Belmont Returns to the Big Dance After a Year Away

Posted by David Changas on March 8th, 2015

There has been much discussion this season about the lack of scoring in college basketball and what needs to be done to fix the issue. It is a bit ironic, then, that the first automatic bid to the NCAA Tournament was earned on a Saturday night when Belmont won a fast-paced back-and-forth shootout in Nashville over Murray State to take the OVC Championship and return to the Big Dance for the first time since 2013. The 88-87 game featured a combined 26 made three-pointers and 12 lead changes, the last of which came when Belmont’s Taylor Barnette made a fall-away three with 3.2 seconds left that proved to be the game-winner. It was a thrilling finish to a thrilling tournament in which the final three games were decided by a total of five points.

Belmont can celebrate another return to the NCAA Tournament  (USA Today Images)

Belmont can celebrate another return to the NCAA Tournament (USA Today Images)

At the end of the day, though, a familiar face left with the hardware. Belmont lost in last year’s OVC championship game to Eastern Kentucky, but it had avenged that loss on Friday night to reach the final. Unlike last year, though, the Bruins were not expected to earn the league’s automatic bid. Murray State came into Saturday riding a 25-game winning streak, rolling through OVC play with a perfect 16-0 record. Though it is widely believed that the Racers now have no realistic shot at an at-large bid, they feature a future NBA guard in Cameron Payne who averages over 20 points and five assists per game. Belmont coach Rick Byrd knew that pulling off this upset would be a tall order. “I was prepared to say I’m proud to say we made eight of 10 conference championship games over the past 10 years, and at halftime I was really prepared to say something like that, because the last 10 minutes of the first half, it looked like men and boys,” Byrd said after the game, referring to a dominant 30-10 run the Racers put together over the last 10:06 of the first frame.

And while Byrd’s comments cannot be classified as grandstanding or poor-mouthing — Murray State was the more athletic and talented team — no one who has followed Byrd’s career is surprised he found a way to get to the NCAA Tournament for the seventh time in the last decade. He is in his 29th season at the school, and although it only moved to NCAA Division I in 1996, the 61-year old has long been considered one of the game’s absolute gems. He has never gotten (or perhaps taken) a shot in coaching at a higher level, but what he has done with a program that did not join a conference until 2001 is nothing short of remarkable.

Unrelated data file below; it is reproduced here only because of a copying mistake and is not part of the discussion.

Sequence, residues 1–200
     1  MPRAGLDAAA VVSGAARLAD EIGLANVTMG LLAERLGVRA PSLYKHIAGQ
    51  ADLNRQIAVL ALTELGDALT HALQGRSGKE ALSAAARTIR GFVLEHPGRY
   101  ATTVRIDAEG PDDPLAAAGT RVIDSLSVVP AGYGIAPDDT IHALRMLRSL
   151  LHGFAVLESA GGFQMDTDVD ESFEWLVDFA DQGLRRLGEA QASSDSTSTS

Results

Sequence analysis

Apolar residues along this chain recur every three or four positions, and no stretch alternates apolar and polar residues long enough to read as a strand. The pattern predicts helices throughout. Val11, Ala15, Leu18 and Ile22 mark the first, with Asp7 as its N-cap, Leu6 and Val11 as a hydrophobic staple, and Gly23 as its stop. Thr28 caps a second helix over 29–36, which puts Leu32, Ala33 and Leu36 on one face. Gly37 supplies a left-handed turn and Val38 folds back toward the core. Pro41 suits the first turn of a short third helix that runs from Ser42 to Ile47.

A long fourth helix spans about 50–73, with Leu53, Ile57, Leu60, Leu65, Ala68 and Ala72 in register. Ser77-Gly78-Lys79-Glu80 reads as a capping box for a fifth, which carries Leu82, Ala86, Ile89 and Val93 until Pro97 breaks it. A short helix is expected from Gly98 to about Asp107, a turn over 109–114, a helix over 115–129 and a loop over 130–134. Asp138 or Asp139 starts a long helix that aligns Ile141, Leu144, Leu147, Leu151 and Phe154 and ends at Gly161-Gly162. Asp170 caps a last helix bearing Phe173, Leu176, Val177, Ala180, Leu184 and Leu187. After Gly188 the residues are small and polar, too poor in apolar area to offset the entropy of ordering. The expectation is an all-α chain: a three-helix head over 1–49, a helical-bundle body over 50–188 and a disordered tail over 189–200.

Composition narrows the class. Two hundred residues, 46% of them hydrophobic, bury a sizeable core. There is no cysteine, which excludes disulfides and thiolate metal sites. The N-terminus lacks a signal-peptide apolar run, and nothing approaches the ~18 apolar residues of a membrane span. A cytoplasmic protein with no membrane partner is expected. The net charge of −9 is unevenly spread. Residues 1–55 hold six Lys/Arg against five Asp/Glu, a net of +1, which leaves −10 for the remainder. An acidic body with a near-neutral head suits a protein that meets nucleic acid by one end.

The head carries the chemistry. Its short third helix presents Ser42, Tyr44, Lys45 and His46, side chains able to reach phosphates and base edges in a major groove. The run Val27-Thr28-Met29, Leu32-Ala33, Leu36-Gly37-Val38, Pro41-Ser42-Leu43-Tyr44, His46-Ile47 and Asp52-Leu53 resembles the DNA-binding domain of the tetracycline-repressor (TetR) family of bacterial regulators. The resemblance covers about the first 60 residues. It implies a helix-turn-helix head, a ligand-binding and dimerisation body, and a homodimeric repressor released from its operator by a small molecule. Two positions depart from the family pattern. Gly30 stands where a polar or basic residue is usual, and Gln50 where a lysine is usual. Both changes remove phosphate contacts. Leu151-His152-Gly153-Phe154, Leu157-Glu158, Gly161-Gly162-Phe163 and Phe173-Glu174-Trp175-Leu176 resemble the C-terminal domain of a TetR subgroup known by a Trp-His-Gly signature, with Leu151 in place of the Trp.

All that is missing on Byrd’s resume is to earn an elusive win in the NCAA Tournament. His teams have come close on occasion — most famously in 2008 when they fell just one point short against Duke — but the Bruins have never been able to get over the hump. This team may not be the one to get the job done either, but it has far exceeded Byrd’s expectations. After going 11-5 in OVC play and not winning a regular season championship for the first time in six years, Byrd did not think this would be a NCAA Tournament team. “This one is special because I didn’t expect our team to be able to do it. We are just so young. We just weren’t as good a team all year long, but we did have a chance to improve, and we have improved,” he said.

Regardless of how they got to this point, Byrd will certainly take it. The Bruins are likely to be a #14 or #15 seed next Sunday and almost certainly will struggle to match the athleticism of the opponent they draw. They don’t have a significant amount of size, and even though they outrebounded Murray State thanks largely to the efforts of 6’6″ sophomore Evan Bradds, they will be outmanned inside by nearly any team they face. But as they showed on Saturday evening against the Racers, it is never a wise idea to count a Rick Byrd team out, and maybe this time, when it’s least expected, it will be the year Belmont finally breaks through in the Big Dance.

David Changas (166 Posts)

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